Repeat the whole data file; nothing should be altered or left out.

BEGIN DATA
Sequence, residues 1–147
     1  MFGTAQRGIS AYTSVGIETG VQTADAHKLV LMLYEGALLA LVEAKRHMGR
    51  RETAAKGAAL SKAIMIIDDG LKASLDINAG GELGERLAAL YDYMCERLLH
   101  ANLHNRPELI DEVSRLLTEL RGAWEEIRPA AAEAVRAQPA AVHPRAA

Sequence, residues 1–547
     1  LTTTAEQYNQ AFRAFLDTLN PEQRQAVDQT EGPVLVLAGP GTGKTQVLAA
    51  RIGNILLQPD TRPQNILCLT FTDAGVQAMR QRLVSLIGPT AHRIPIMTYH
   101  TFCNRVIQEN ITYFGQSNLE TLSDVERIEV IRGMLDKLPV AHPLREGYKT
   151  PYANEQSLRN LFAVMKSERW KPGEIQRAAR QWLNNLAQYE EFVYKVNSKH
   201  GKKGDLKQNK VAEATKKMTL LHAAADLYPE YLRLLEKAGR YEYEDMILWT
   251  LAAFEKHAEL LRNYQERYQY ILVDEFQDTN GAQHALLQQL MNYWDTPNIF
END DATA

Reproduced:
Sequence, residues 1–147
     1  MFGTAQRGIS AYTSVGIETG VQTADAHKLV LMLYEGALLA LVEAKRHMGR
    51  RETAAKGAAL SKAIMIIDDG LKASLDINAG GELGERLAAL YDYMCERLLH
   101  ANLHNRPELI DEVSRLLTEL RGAWEEIRPA AAEAVRAQPA AVHPRAA

Sequence, residues 1–547
     1  LTTTAEQYNQ AFRAFLDTLN PEQRQAVDQT EGPVLVLAGP GTGKTQVLAA
    51  RIGNILLQPD TRPQNILCLT FTDAGVQAMR QRLVSLIGPT AHRIPIMTYH
   101  TFCNRVIQEN ITYFGQSNLE TLSDVERIEV IRGMLDKLPV AHPLREGYKT
   151  PYANEQSLRN LFAVMKSERW KPGEIQRAAR QWLNNLAQYE EFVYKVNSKH
   201  GKKGDLKQNK VAEATKKMTL LHAAADLYPE YLRLLEKAGR YEYEDMILWT
   251  LAAFEKHAEL LRNYQERYQY ILVDEFQDTN GAQHALLQQL MNYWDTPNIF